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Friday, Apr 16th

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Home Cancer Bladder Cancer Bladder Cancer Investigation

Bladder Cancer Investigation

Bone Scans and Allied Procedures
When the physician suspects that bladder cancer has metastasized (cancerous cells have broken away from the original tumor to grow within other parts of the body), then tests such as bone scans, liver function tests, or chest X–rays may be considered. If any of these tests indicate metastasis, then further testing should be performed to confirm the diagnosis, usually by the least invasive means possible, such as fine–needle aspiration biopsy, where a fine hollow needle attached to a syringe is inserted into the suspicious mass, and the needle is pushed back and forth to free some cells. These are drawn up into the syringe and smeared on a glass slide for analysis. Bones, liver, and lungs are common sites of cancer metastasis.

Cystoscopy (also known as cysto–urethroscopy) is a procedure that lets the physician see the inside of the bladder, bladder neck, and urethra. Usually performed in the doctor’s office or outpatient facility, cystoscopy is perhaps the most powerful diagnostic tool for the diagnosis of bladder cancer.

A thin, telescope–like hose with a tiny attached camera called a cystoscope is inserted into the bladder through the urethra (the tube that passes urine from the bladder out of the body). A local anesthetic jelly is used during the procedure. The physician maneuvers the cystoscope to detect any abnormalities in the urinary tract. Special attention is paid to the opening of the ureter into the bladder (ureteral opening), where many tumors begin to grow. The physician will inspect the bladder from numerous angles, and may apply pressure on the abdomen to view areas such as the bladder dome.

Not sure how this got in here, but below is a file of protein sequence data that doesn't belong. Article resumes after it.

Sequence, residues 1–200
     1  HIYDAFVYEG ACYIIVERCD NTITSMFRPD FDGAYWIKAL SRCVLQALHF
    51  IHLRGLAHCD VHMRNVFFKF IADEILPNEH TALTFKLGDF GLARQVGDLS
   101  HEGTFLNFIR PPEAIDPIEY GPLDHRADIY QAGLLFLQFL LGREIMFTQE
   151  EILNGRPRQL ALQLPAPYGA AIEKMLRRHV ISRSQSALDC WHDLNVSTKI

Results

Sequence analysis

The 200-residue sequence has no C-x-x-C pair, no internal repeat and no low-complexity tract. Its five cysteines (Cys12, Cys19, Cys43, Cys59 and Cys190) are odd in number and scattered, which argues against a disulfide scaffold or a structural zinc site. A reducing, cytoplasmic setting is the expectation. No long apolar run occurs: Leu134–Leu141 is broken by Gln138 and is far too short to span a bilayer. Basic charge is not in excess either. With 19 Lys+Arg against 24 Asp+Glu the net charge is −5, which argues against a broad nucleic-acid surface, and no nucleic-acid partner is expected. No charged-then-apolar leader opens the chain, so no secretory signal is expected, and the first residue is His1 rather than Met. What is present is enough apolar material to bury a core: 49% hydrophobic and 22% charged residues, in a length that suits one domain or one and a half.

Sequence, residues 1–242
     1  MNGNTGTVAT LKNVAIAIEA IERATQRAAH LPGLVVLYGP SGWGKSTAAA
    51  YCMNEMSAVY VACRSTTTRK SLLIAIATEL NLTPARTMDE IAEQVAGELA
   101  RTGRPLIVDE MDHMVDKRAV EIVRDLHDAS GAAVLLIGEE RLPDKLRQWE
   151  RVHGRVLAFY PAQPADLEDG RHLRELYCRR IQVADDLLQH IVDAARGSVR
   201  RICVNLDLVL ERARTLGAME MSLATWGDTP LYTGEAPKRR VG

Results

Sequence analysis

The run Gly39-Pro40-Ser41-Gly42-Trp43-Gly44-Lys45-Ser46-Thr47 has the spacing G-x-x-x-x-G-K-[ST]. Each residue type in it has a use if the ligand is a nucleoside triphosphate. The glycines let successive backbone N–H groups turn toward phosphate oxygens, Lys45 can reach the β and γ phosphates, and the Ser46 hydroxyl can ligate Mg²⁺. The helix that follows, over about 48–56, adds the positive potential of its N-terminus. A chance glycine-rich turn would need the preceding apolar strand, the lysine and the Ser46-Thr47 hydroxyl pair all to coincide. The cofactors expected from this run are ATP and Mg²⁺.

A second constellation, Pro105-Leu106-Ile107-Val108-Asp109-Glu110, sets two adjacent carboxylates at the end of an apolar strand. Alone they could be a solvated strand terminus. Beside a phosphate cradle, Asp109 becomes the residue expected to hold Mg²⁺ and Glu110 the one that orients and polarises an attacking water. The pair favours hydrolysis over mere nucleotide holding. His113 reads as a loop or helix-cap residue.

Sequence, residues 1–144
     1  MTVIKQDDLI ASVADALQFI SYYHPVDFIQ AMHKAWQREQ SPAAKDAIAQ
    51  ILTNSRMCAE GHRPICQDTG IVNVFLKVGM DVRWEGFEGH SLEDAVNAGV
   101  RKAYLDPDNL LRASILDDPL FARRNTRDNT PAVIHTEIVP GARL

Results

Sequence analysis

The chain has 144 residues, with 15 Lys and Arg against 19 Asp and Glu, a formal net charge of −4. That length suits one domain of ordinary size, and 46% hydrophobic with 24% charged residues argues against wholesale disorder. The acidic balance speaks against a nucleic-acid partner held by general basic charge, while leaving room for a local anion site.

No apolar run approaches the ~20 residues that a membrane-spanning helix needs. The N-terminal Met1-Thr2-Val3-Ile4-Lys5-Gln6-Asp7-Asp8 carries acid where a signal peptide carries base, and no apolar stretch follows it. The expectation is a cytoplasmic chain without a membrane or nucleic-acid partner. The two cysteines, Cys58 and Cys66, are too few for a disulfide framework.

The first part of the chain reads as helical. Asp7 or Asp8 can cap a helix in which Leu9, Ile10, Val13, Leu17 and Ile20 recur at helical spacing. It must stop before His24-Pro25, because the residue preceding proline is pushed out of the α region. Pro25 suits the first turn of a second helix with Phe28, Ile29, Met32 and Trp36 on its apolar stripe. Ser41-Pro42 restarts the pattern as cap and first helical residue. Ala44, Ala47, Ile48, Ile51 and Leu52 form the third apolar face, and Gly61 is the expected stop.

If a tumor is seen or suspected (for example, a papillary tumor or CIS) or if the urine cytology test is positive, then the physician will want to conduct cystoscopy in an operating room while the patient is under general anesthesia. In this way, the physician can thoroughly inspect the bladder, obtain a biopsy (small sample of tissue), and cut away any tumors or lesions in a process known as transurethral resection (TUR). The removed tissue will then be submitted for histopathological examination – an evaluation of diseased tissue for abnormalities such as cancerous changes. In addition, the physician will make a map of the shape and location of all biopsies. Once a bladder tumor has received a histopathologic diagnosis, it will be assigned a grade and stage, which will determine the form(s) of treatment.

After cystoscopy, the physician may want to perform other diagnostic tests such as computed tomography, and bone scans to thoroughly evaluate the upper urinary tract and identify or rule out distant metastases.


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